The planetary researchers take the long time before arrival in their stride: "comets still hold many secrets," says Ekkehard Kührt of the DLR Institute of Planetary Research in Berlin, project manager for the various DLR instruments on the spacecraft and lander. "What we have learnt about comets so far has often generated more questions than answers." Among other things, the scientists want to use the Rosetta mission to gain a better understanding of the comet's chemical composition and the physical processes that take place to make a comet active and form a tail of dust and gas.
The planetary researchers are expecting the first spectacular images as soon as the spacecraft enters orbit around the comet in May 2014. "To date we have only explored comets during high-speed flybys. With Rosetta, we have the first opportunity to study a comet over an extended period of time from a distance of just a few kilometres." In the years leading up to the arrival, the researchers will mainly be focussing on one thing – optimising the spacecraft and lander software for 2014. Philae will be the first craft to touch down on a comet. Scientists are developing software to analyse the data acquired after arrival.
Flying in hibernation
A total of eleven instruments on the Rosetta spacecraft and ten experiments on the Philae lander, several of which DLR is contributing to, will collect data on this first close encounter with the comet. The OSIRIS dual camera system on the spacecraft will use its narrow-angle channel to observe the nucleus and its wide-angle imager to examine the environment surrounding the comet. The scientists will use these images to select the landing site on 67P/Churyumov-Gerasimenko best suited for Philae. The Visible and Infrared Thermal Imaging Spectrometer (VIRTIS) has been designed to analyse the surface of the comet and its temperature from the orbiter. As Philae touches the comet for the first time, a harpoon will be fired to penetrate the surface and prevent the lander from 'bouncing' back into space. The following experiments developed at DLR will be on the Philae lander: the ROLIS camera will image the comet's surface during and after landing; the SESAME experiment will perform seismic investigations on the comet; and the MUPUS instrument will measure a wide range of physical parameters.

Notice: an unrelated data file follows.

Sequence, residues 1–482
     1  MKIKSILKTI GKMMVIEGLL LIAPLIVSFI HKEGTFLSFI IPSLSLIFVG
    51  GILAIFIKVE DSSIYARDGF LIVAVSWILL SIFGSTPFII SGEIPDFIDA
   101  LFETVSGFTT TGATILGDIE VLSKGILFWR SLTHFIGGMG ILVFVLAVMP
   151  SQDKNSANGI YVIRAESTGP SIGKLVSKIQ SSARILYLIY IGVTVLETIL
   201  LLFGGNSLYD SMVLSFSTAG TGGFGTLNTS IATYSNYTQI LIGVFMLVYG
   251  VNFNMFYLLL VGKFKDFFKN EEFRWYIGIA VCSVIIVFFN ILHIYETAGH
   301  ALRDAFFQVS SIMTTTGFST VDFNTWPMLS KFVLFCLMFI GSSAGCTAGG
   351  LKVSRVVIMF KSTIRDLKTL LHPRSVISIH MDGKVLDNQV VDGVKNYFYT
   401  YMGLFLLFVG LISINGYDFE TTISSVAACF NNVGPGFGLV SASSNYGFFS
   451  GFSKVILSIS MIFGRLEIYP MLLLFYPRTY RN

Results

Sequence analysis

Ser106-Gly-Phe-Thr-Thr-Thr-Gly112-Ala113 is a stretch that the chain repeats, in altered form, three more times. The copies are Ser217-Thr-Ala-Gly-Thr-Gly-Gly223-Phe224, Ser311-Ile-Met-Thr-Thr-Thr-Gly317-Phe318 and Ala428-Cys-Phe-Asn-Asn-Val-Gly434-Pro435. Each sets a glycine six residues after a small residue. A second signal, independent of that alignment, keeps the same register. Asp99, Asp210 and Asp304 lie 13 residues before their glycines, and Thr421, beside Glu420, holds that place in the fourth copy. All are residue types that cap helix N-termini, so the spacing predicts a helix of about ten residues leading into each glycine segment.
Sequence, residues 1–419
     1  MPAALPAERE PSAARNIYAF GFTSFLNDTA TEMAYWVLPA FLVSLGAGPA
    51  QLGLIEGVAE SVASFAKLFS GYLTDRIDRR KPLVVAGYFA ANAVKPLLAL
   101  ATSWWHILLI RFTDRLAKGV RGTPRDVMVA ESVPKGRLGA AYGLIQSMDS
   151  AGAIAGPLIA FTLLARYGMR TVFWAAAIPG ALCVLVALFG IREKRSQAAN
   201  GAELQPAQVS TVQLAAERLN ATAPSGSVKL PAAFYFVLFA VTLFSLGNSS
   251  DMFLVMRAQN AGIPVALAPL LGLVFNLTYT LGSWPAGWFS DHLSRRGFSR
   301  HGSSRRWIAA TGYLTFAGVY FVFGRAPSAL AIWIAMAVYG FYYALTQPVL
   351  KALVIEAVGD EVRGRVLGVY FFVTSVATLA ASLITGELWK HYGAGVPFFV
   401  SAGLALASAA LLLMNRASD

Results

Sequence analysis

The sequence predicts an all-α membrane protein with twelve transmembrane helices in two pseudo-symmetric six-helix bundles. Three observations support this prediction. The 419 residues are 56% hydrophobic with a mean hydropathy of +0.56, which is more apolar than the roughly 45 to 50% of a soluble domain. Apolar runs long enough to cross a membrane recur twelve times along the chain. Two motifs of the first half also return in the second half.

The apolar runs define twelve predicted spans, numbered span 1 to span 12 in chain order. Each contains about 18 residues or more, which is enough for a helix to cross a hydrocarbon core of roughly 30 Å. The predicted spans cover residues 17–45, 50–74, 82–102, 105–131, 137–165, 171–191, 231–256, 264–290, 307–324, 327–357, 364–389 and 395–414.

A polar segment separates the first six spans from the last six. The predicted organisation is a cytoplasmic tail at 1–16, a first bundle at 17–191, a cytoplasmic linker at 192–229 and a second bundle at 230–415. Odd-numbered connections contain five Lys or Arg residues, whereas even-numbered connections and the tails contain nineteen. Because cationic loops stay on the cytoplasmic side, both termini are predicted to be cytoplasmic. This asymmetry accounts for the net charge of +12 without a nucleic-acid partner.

Until then, Rosetta will be travelling to its destination in hibernation mode. "The clock on board the spacecraft will re-establish contact with Earth in January 2014," explains Stephan Ulamec. All the systems will be checked after their awakening from hibernation, which will be followed by a slow approach to the comet and the start of the first investigations.
Last modified:27/06/2011 10:34:50